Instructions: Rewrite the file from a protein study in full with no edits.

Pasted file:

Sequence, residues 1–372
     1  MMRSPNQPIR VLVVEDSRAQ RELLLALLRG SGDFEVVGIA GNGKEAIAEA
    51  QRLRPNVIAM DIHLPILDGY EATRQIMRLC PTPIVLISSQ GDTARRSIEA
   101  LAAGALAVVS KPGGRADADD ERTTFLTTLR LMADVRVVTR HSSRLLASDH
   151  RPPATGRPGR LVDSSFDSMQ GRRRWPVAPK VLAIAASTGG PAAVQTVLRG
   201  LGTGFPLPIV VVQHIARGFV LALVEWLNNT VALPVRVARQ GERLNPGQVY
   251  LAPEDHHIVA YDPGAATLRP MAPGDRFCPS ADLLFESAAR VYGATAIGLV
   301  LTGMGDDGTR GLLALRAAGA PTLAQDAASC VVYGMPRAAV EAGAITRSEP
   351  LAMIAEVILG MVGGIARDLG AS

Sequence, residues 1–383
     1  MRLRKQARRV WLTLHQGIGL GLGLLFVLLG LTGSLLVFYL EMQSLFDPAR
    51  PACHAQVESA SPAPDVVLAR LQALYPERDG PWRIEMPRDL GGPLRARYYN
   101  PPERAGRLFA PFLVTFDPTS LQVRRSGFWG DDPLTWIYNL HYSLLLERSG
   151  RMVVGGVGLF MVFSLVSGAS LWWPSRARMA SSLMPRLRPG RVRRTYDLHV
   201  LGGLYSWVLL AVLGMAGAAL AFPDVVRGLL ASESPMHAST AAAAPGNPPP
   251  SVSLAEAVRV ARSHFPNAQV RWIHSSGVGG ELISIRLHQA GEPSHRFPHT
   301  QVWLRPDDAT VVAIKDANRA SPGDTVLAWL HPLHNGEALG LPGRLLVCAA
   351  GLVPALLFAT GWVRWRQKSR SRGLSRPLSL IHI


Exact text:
Sequence, residues 1–372
     1  MMRSPNQPIR VLVVEDSRAQ RELLLALLRG SGDFEVVGIA GNGKEAIAEA
    51  QRLRPNVIAM DIHLPILDGY EATRQIMRLC PTPIVLISSQ GDTARRSIEA
   101  LAAGALAVVS KPGGRADADD ERTTFLTTLR LMADVRVVTR HSSRLLASDH
   151  RPPATGRPGR LVDSSFDSMQ GRRRWPVAPK VLAIAASTGG PAAVQTVLRG
   201  LGTGFPLPIV VVQHIARGFV LALVEWLNNT VALPVRVARQ GERLNPGQVY
   251  LAPEDHHIVA YDPGAATLRP MAPGDRFCPS ADLLFESAAR VYGATAIGLV
   301  LTGMGDDGTR GLLALRAAGA PTLAQDAASC VVYGMPRAAV EAGAITRSEP
   351  LAMIAEVILG MVGGIARDLG AS

Sequence, residues 1–383
     1  MRLRKQARRV WLTLHQGIGL GLGLLFVLLG LTGSLLVFYL EMQSLFDPAR
    51  PACHAQVESA SPAPDVVLAR LQALYPERDG PWRIEMPRDL GGPLRARYYN
   101  PPERAGRLFA PFLVTFDPTS LQVRRSGFWG DDPLTWIYNL HYSLLLERSG
   151  RMVVGGVGLF MVFSLVSGAS LWWPSRARMA SSLMPRLRPG RVRRTYDLHV
   201  LGGLYSWVLL AVLGMAGAAL AFPDVVRGLL ASESPMHAST AAAAPGNPPP
   251  SVSLAEAVRV ARSHFPNAQV RWIHSSGVGG ELISIRLHQA GEPSHRFPHT
   301  QVWLRPDDAT VVAIKDANRA SPGDTVLAWL HPLHNGEALG LPGRLLVCAA
   351  GLVPALLFAT GWVRWRQKSR SRGLSRPLSL IHI